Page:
Pertek is 36 kilometres from the road junction and, with a few twists and turns as we made an ascent, we were soon among hills, stunted trees, wild flowers, beehives and pasture grazed by cattle, sheep and goats. As we enjoyed a last view of the Munzur Cayi, now part of the Keban Reservoir which is so large it is encountered along many roads, we arrived in the dispersed village of Yolkonak where mostly modern houses enjoy extensive views south and east. Each house seems to have around it a large garden with many trees. Beydami, the next settlement along the road, stands in undulating countryside surrounded by rounded hills. Beydami marks the point where the road begins to cross an upland plain with fields and orchards. After passing a quarry we started to descend, but hills and mountains still dominated the distant views. We were about 13 kilometres from Pertek and, ahead, the Keban Reservoir came into view again, this time to the south-west rather than the east. I thought I detected in the grass and the fields a hint of paleness that suggested conditions were a little drier and hotter than in and immediately around Tunceli, despite Tunceli being so close. In what I think was Mercimek, a village about 3 kilometres from the centre of Pertek, there are some large timber-framed and mudbrick houses with flat roofs that would be worth examining more closely, but I sensed that other delights lay ahead without undertaking what might be a time-consuming detour.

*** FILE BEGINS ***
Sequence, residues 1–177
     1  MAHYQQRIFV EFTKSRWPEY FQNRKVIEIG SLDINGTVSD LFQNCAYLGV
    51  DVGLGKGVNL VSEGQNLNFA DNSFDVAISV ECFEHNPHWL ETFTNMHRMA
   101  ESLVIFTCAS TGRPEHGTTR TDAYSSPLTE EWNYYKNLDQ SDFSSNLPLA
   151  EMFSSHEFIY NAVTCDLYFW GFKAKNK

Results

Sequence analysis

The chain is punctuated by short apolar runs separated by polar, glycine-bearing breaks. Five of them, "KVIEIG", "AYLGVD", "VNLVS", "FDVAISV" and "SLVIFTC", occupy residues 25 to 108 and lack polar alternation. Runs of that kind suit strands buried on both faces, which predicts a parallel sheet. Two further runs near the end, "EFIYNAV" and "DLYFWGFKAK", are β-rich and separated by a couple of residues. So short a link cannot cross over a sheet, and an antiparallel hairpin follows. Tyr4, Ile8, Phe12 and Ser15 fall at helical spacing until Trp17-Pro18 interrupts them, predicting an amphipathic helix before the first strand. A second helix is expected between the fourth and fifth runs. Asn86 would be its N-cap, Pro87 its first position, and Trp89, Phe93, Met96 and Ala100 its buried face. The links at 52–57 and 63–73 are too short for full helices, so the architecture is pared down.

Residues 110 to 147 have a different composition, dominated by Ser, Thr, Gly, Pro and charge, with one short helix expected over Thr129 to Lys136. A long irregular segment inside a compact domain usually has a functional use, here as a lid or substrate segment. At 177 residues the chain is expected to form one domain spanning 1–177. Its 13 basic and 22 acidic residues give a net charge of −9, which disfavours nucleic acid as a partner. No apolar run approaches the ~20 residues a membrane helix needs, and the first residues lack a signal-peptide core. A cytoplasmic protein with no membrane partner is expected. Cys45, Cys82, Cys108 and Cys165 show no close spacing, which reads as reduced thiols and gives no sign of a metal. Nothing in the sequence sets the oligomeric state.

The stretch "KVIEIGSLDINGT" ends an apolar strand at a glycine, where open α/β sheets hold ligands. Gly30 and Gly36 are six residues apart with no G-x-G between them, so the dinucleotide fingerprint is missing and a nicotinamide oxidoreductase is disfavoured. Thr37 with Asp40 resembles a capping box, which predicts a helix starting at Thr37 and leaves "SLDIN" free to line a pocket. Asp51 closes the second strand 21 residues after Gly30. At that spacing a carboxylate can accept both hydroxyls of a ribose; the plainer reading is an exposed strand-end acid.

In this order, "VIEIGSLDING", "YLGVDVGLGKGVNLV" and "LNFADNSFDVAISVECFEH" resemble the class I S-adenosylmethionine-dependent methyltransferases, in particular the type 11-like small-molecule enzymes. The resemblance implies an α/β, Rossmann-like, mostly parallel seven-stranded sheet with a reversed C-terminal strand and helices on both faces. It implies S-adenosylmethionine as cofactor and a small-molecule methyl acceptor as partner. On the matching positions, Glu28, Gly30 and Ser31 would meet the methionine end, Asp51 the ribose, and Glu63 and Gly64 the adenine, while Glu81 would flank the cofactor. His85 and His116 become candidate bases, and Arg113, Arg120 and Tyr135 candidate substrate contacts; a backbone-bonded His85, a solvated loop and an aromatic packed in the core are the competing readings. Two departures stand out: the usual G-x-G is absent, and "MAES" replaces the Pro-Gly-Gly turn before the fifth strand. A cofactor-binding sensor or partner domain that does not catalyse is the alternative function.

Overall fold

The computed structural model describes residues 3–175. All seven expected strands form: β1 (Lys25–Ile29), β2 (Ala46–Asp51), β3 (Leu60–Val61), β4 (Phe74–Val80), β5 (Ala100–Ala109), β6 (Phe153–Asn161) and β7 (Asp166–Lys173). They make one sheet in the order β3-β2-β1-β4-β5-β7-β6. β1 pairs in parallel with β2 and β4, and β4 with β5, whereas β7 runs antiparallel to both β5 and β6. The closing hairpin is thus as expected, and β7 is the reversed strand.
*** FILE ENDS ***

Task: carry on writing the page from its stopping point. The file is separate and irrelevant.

I unwisely got off the minibus in Pertek, which looked overwhelmingly modern on first inspection, only to find that the only hotel locally is the Termal about 5 or 6 kilometres outside the town centre not far from where the ferry arrives and departs. Very kindly, an off-duty police officer directed me to his car and drove me to the hotel, a large modern hotel with a swimming pool and sauna utilising a local source of hot water. The hot water provides guests or visitors for the day with an opportunity to engage in recreation or access unproven cures for ill-health. I would not usually stay in a Turkish hotel with such facilities charging guests a lot by local standards, but the locality lacked accommodation alternatives; its situation beside the reservoir was a delight; the surrounding area promised many pleasant surprises to add to those already acquired in Dersim (everywhere I would visit for the next two days was in Dersim); the ferry terminal was nearby allowing me to access my next destination with ease; and I was asked to pay only 100TL (about £27) for a night in a double room similar in size to a hotel room in the USA. The room came with en suite facilities and breakfast. I immediately agreed to stay two nights and must confess that I enjoyed every moment of the self-indulgence. Oh yes. Because the Keban Reservoir drowned old Pertek, all that remains of the town where it originally stood is the castle, which crowns what is now an island in the reservoir. The hotel and its extensive grounds provide excellent views of the island and the castle. Moreover, both evenings at the hotel I witnessed attractive sunsets. Is everyone a winner at the Termel Hotel near the modern town of Pertek? You bet.